Layout and Design Considerations for a Wholesale Container Nursery 4 approximately 3 yd 3 (2.3 m 3 ) of media. The raised concrete slab prevents incorporation of field soil into the media during mixing, and eliminates contamination from diseases, weed seeds, and nematodes transported by runoff water. Motorized media mixing and transporting systems, and potting machines should be covered by a structure that houses a permanent potting area for the nursery. The permanent potting area may or may not be sheltered if commercial soil mixers and potting machines are not used, but in this case nurseries usually erect a permanent V-shaped hopper from which media falls onto a potting bench. Advantages and disadvantages of potting machines will depend on the particular operation; however, most nursery operators agree that potting machines pace the workers. Locating the media mixing area and the potting area adjacent to each other minimizes media handling. A very large nursery may have soil mixing and pottings areas located throughout the nursery. This reduces the distance traveled when placing newly potted plants in the field. Production or plant growing areas will occupy the largest percentage of nursery land and should be adjacent to the potting area to ease the orderly movement and placement of plants in the field. A small part of the production area may be used for evaluating new plant materials with market potential. Transporting container plants efficiently to and from the field requires a well-designed road system. Roads should be crowned or sloped to one side and surfaced with gravel, seashells, or other materials to support equipment during wet periods. Firm road surfaces also prevent traffic from splashing mud and debris on plants. Number and size of production areas, roads, and walkways may vary depending upon equipment used and type of production. Road widths will depend on the equipment, but when farm tractors and trailers are used, the perimeter roads should be about 30 ft (9.1 m) wide to allow for turns from the narrower roads between plant beds. The production area designs in Figure 7 Figure 8 and Figure 9 have walkways that are 2 ft (0.6 m) wide and plant beds that are 8 ft (2.4 m) wide. The designs contain the same amount of area in which to place plants; however, the walkways and length of beds are 50% less for the design in Figure 8 than those in Figure 7 and 50% less for the design in Figure 9 than in Figure 8 The maximum distance a plant must be carried is 100 ft (30.5 m), 50 ft (15.2 m) and 25 ft (7.6 m) for designs in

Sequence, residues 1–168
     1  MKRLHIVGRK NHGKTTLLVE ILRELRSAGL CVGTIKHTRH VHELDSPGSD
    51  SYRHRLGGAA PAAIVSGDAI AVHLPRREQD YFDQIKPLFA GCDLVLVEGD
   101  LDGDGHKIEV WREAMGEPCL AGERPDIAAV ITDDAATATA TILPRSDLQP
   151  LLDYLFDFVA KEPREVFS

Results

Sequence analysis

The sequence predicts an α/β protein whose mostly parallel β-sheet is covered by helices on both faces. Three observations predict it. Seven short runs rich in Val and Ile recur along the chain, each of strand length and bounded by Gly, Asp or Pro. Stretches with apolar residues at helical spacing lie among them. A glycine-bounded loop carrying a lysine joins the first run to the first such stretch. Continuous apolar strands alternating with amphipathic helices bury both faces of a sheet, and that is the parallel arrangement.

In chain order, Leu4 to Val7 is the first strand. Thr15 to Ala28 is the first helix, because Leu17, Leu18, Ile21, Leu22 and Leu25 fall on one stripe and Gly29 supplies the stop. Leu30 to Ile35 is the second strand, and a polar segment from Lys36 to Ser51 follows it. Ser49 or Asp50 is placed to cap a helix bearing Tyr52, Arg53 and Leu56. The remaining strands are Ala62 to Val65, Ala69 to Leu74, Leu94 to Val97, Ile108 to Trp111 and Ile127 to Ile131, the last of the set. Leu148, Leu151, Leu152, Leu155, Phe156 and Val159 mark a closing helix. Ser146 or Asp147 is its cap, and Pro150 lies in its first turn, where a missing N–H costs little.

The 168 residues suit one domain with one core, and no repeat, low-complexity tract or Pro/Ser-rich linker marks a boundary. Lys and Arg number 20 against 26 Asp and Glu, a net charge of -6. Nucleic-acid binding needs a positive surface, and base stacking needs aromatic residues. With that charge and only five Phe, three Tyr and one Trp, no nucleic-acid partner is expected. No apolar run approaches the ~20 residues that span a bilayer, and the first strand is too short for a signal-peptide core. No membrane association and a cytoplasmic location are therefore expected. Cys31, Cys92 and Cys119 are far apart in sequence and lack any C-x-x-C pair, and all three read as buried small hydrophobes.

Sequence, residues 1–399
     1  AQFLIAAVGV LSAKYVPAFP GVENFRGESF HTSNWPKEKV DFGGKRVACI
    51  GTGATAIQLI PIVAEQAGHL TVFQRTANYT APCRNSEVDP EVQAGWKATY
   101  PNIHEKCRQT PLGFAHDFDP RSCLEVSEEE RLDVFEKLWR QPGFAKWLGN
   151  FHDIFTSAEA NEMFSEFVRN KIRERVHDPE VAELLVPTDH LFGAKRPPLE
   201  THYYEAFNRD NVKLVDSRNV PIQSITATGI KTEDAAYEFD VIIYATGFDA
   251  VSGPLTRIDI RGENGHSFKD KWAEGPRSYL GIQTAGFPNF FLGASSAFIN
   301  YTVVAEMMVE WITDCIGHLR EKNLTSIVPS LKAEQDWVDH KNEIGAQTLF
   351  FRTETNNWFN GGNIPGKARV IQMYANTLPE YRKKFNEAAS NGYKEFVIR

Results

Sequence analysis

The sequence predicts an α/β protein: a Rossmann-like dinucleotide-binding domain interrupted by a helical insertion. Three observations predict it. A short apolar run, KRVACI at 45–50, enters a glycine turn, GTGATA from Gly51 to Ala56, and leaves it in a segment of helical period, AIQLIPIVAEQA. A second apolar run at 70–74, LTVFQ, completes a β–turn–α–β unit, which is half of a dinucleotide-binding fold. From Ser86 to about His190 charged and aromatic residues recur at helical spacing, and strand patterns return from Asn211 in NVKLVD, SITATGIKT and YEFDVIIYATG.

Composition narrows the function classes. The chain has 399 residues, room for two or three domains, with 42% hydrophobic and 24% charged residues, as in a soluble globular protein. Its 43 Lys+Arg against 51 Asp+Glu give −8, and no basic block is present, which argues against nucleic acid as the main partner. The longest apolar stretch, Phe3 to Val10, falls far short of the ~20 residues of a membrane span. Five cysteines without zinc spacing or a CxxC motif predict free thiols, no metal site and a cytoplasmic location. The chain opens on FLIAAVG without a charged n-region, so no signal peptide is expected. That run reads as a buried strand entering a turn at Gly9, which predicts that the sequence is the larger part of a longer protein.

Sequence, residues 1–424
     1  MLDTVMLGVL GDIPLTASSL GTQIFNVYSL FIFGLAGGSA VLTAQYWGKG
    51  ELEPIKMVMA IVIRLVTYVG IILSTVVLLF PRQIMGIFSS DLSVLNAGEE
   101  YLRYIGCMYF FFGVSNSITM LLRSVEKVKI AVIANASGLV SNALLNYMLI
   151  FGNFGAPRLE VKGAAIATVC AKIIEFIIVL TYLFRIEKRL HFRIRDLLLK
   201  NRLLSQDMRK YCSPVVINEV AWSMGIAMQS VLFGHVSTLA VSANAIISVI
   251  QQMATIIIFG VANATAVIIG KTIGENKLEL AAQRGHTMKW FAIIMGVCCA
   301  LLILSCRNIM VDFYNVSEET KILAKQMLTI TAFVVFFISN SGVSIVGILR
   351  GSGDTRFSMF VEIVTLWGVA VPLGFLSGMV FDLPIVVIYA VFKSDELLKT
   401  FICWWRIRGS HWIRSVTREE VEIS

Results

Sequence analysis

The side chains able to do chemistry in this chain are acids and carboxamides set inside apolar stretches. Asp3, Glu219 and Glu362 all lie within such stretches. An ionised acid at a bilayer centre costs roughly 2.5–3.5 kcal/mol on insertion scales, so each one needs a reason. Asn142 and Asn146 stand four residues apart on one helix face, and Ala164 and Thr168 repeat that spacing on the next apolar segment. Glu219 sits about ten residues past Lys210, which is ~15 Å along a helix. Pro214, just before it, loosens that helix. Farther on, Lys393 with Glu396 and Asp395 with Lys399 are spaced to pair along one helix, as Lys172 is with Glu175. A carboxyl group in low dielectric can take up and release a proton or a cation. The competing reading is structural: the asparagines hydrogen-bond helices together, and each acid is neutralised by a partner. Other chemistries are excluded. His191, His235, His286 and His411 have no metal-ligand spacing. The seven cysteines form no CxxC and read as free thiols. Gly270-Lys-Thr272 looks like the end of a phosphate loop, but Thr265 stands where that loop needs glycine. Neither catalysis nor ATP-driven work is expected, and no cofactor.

Layout and Design Considerations for a Wholesale Container Nursery 5 Figure7, Figure 8 and Figure 9 respectively, with average walking distances of 50 ft (15.2 m), 25 ft (7.6 m) and 12.5 ft (3.8 m), respectively. Thus, moving plants in or out of the production beds can be done more efficiently with a design such as Figure 9 Another advantage of the Figure 9 design is that roads perpendicular to walk-ways are not flanked by drainage ditches that must be crossed by personnel and graded periodically for rapid drainage of water. When growing plants in 5 gallon or larger containers, design efficiency becomes more significant. Production beds in Figure 9 should slope approximately 3% to 4% from the edge of the 10-ft (3.0 m) wide road to the center of the 50-ft (15.2 m) wide production area that slopes toward one end. Runoff water flows on the surface material down the center of the 50-ft (15.2 m) wide production area into a drainage ditch located parallel and beside the 30-ft (9.1 m) wide road. This design may be modified by crowning the 50-ft (15.2 m) wide production area in the center and placing a drainage ditch down the center of the 10-ft (3.0 m) wide road for runoff. Severe washing of the road may result if precautions are not taken. Production areas in Figure 7 and Figure 8 should be crowned 3% to 4% to the center along the 200-ft (61.0 m) length so that runoff flows toward a 20-ft (6.1 m) wide road on either side of the production area. Ditches between the roads and production areas drain the runoff. An alternative to crowning the production area is to slope the area to one side. The slope begins at the left side and progresses to the right so the runoff flows into the ditch on the right side of the production area. The road on the right side of a production area slopes toward the ditch on the left side of the road. The ditch may slope to either end of the production area. Production areas are commonly surfaced with gravel, seashells, porous polypropylene, or black plastic. Gravel consisting of a particle mixture of 0.25 to 0.75 inches (0.6 to 2.0 cm) makes an excellent surface to place plants, but is expensive since 100 tons of gravel will only cover about one half acre. Smaller gravels wash away easily, and 1-gallon containers do not set level on larger gravel. Polypropylene and black plastic must be secured around the edges to prevent wind displacement, and equipment driven on these materials may result in tears. Despite precautions, black plastic usually does not last more than 2 years in Florida.